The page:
Way back in the day when I was mired in a terrible relationship, my then-partner and I saw a couples therapist who recommended I keep a journal in order to have an outlet for myself. At the time, this felt painful to me: I do keep a journal, but I still can’t see the need for a partner who won’t converse. Actually what’s the point of a body hanging around the house dirtying the dishes, leaving size 10s all over the house and bras on the sofa if it doesn’t also provide some degree of company?
I don’t know what the therapist intended all these years later, but I was reflecting this morning that reality is not always pretty or the way it should be. My partner wouldn’t talk to me and so ultimately the relationship ended. I might have accepted that and talked to other people or she might have accepted that I needed a conversation partner and tried a bit more. Neither of us were able to compromise about this–you can’t only kind of converse. Believing she should talk to me might have made me demand she do so more insistently, but it didn’t change her behaviour. You can scream all you want but people are still free to do as they please.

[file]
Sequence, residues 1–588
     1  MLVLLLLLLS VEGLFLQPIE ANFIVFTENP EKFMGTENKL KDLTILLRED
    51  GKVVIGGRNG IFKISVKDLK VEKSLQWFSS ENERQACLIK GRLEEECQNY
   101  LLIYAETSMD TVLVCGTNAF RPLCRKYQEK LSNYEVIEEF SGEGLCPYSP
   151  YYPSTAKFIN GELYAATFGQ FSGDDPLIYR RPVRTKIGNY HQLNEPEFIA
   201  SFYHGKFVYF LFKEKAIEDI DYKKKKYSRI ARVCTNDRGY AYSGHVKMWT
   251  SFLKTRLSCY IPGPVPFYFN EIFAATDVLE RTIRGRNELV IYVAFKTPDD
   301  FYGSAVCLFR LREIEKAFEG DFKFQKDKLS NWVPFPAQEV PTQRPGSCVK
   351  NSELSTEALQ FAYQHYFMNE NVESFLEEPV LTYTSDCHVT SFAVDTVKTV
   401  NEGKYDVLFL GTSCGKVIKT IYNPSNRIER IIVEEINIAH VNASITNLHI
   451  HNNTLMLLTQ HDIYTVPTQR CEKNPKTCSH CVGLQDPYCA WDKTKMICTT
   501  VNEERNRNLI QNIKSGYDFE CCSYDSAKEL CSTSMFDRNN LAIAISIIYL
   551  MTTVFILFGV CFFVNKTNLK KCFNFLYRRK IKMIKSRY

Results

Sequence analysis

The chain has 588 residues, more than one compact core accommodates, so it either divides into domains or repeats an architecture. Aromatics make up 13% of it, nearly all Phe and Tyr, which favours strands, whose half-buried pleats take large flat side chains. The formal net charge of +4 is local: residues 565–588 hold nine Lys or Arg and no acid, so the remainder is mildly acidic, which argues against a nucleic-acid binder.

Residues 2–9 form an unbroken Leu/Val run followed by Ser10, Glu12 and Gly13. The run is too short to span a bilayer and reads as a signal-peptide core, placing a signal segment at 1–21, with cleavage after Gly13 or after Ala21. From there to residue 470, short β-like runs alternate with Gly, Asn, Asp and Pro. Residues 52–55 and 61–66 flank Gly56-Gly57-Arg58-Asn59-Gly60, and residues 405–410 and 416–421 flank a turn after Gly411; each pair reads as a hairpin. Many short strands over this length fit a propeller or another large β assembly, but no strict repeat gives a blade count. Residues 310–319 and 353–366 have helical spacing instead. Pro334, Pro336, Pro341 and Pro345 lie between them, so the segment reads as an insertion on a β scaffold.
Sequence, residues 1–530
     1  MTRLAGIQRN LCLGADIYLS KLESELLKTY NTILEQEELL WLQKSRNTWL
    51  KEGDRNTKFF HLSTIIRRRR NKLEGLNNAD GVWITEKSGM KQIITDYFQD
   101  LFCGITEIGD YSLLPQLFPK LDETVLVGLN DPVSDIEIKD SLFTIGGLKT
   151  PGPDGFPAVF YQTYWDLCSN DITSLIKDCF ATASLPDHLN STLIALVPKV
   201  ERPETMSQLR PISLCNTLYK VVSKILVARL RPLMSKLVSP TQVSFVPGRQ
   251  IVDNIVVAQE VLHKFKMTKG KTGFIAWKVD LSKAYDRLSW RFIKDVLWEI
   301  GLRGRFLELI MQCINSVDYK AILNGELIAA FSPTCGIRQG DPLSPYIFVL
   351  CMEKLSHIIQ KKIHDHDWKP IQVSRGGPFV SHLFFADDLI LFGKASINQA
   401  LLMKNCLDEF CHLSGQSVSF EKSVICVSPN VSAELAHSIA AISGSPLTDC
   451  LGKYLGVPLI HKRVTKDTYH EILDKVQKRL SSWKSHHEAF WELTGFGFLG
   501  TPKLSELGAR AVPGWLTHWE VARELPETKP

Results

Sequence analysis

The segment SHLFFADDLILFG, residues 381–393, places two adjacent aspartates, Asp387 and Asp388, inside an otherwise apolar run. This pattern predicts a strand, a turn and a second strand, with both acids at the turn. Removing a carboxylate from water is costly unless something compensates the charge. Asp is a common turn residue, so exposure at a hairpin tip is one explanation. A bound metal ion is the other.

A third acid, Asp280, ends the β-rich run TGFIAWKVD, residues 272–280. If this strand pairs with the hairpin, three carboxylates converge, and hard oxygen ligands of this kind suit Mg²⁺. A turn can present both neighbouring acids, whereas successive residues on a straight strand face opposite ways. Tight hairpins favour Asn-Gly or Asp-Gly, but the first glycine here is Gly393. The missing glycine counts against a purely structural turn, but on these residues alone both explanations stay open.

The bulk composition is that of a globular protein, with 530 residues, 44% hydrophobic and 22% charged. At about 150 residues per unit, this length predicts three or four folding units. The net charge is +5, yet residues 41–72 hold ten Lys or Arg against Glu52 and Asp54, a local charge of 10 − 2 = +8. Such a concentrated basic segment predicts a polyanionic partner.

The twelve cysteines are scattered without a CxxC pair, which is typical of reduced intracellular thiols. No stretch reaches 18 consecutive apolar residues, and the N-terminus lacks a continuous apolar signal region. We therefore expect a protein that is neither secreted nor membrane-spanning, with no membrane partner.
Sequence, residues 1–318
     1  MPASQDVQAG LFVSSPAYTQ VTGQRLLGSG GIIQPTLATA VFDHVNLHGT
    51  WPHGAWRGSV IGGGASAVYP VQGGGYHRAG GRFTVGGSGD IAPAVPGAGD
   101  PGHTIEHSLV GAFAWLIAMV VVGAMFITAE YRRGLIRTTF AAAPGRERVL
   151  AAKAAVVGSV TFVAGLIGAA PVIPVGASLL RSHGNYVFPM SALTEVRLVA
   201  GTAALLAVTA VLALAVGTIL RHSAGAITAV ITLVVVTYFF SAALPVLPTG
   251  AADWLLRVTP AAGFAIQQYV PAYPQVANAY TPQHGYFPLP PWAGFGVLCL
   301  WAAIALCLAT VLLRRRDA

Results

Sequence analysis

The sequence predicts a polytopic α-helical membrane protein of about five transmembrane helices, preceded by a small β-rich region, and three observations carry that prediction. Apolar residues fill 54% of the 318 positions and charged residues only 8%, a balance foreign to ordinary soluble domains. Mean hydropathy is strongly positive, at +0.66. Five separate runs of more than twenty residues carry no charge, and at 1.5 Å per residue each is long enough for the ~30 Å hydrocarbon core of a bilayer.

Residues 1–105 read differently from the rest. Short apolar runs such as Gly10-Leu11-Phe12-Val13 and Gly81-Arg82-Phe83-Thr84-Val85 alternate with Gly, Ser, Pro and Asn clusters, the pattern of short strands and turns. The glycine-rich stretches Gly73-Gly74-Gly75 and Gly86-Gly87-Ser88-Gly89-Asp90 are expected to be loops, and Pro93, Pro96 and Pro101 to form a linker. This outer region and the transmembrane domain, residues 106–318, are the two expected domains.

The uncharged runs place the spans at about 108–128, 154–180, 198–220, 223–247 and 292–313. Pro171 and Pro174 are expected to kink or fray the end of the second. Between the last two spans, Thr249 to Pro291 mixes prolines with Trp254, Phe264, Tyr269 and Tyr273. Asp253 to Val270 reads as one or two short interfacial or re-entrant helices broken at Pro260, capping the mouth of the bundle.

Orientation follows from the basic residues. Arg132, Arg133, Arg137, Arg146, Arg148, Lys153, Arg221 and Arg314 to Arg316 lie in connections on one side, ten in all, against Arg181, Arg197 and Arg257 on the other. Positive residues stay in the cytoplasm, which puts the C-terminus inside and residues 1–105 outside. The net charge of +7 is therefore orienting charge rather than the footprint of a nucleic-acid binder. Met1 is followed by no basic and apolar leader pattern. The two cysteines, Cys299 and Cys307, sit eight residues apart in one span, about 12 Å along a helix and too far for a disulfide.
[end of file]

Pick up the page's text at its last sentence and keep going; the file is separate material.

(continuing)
The risk factors for the development of borderline personality disorder include abuse and a non-mentalizing environment: a social group in which no one is making sense of thoughts and feelings. Fonagy says that therapists working with borderline clients should enter into their own therapy not so much to address countertransferance as to maintain their mentalizing capacity because non-mentalizing is contagious.
I think now that journaling restored my mentalizing capacity. Of course, it doesn’t have to: you can say a lot about feelings and intentions without linking it to the sensory experience of emotions, and it’s the balance of sensation and thought which allows us to integrate our understanding of intention.
As a child, reading may have allowed me to explore the world of emotions in a safer way.
Words don’t have to but it’s possible for them to save you.